Bye, bye Berlusconi, and please don't come back. Today has finished one of the paradoxes that has characterized Italy in the recent times. The country of Claudio Magris, Roberto Benigni, Umberto Eco, some of the greatest economists, scientists and philosophers. The country where people are articulate and educated, where people read and talk about politics. But also the country of the Vatican, the Mafia, and Berlusconi. That country has just decided in favour of decency. More than two decades ago, when the political system that he was trying to buy collapsed, he decided to perform one of the clearest examples of political vertical integration that could be seen. Instead of buying political parties, he decided to create his own. He managed to become prime minister, and during his rule he kept the ownership of his media firms, his football club, and spent most of his political time and capital trying to protect himself from judicial action derived from his implication in all sorts of corruption scandals. In the last days, the events have accelerated, but perhaps it is time to draw a few lessons:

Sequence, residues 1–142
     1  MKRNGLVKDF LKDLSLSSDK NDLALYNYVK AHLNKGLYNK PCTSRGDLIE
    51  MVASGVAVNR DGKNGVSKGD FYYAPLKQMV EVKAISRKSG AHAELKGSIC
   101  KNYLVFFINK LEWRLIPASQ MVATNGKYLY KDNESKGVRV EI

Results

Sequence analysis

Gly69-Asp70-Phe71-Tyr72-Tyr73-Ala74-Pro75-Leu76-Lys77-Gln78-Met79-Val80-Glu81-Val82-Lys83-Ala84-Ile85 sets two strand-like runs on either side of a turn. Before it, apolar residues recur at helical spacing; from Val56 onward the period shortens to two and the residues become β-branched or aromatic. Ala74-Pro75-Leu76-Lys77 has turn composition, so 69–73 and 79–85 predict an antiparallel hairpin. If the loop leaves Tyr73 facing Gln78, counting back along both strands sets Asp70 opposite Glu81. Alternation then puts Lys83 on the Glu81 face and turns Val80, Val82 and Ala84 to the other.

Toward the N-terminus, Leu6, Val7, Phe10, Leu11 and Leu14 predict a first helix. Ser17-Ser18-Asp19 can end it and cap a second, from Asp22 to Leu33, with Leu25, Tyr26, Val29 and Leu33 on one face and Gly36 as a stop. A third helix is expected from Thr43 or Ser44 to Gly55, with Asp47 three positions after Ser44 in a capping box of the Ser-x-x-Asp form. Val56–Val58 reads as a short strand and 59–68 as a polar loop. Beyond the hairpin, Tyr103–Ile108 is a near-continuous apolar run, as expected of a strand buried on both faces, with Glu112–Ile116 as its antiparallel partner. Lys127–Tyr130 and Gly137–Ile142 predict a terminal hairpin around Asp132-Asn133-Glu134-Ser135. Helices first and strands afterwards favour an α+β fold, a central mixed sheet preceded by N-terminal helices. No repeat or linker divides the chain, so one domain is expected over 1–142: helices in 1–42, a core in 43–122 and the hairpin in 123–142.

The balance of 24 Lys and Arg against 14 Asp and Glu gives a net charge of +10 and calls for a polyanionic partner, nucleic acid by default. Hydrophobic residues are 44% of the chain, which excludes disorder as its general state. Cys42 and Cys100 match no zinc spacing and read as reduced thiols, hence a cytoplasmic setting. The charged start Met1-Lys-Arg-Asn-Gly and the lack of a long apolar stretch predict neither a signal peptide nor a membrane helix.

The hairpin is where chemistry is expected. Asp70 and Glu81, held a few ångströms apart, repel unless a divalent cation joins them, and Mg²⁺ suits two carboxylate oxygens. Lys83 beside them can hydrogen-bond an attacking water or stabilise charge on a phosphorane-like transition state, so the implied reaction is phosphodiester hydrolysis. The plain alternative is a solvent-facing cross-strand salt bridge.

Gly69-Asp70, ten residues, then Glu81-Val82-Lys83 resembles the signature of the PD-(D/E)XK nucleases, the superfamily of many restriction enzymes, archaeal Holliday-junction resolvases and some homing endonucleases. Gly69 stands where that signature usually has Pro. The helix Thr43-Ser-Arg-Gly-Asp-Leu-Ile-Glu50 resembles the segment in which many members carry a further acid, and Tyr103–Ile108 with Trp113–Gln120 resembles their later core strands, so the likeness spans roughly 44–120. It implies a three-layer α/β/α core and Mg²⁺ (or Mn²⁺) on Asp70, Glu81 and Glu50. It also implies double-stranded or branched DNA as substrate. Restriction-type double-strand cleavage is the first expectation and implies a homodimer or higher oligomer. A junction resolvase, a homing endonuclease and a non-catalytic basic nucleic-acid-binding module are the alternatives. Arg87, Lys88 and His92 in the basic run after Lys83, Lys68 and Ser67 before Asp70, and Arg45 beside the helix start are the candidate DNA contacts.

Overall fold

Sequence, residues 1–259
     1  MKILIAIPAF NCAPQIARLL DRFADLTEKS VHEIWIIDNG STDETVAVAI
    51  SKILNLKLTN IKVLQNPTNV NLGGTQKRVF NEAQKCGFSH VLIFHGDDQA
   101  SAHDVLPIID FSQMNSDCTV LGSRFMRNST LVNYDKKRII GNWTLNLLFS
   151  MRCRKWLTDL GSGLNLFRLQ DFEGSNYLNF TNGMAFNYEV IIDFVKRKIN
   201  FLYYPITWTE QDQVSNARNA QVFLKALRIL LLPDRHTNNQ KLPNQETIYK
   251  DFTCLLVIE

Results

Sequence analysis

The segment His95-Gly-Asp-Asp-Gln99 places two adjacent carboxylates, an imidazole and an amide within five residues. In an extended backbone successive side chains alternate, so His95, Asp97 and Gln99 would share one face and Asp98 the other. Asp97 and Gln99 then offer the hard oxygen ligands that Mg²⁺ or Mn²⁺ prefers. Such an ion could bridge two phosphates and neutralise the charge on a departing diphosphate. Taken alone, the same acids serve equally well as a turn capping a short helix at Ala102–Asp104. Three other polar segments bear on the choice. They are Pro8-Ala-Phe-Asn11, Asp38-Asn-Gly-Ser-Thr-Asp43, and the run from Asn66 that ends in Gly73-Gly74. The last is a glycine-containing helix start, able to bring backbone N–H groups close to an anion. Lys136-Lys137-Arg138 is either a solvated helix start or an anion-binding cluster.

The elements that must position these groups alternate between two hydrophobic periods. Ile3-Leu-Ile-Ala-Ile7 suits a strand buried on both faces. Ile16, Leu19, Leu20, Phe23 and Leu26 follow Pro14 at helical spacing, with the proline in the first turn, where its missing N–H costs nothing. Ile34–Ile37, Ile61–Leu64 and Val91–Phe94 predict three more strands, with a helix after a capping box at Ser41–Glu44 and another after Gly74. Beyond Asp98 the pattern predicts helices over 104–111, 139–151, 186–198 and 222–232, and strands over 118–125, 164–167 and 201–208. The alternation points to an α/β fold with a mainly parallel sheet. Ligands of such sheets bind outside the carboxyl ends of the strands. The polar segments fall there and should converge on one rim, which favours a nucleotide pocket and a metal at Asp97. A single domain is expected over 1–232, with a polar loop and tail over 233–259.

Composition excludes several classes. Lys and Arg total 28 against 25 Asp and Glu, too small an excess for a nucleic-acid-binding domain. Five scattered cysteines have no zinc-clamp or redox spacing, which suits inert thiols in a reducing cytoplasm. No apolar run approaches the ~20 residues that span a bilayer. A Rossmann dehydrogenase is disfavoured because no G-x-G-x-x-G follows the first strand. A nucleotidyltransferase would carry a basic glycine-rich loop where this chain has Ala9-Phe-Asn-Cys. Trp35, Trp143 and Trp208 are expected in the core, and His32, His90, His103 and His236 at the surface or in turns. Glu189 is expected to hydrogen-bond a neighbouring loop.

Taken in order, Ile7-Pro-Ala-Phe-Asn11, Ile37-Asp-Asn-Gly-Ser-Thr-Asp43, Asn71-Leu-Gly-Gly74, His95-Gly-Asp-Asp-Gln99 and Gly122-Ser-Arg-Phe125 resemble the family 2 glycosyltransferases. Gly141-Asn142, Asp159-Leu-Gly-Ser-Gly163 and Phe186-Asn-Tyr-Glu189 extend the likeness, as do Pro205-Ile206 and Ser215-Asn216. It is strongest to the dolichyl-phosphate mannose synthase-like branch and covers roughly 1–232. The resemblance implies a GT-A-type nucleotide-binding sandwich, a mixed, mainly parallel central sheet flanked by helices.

-Although external pressure has been a key accelerator, the organized pressure from ordinary citizens and from the left were there to help make evident to anyone that Berlusconi was not a necessity.
-A President that emerged from decades of left-wing politics, Giorgio Napolitano, has been key to show that democratic institutions could show a way forward.
-Markets have been in this instance a force for good (that's what economics shows us, right? that markets may be good under some conditions...), and a technocrat will lead the solution, but the responsibility and seriousness of the center-left will make it possible that Italy (and from it the rest of Europe) has a future.
Quan les institucions molesten
7 hours ago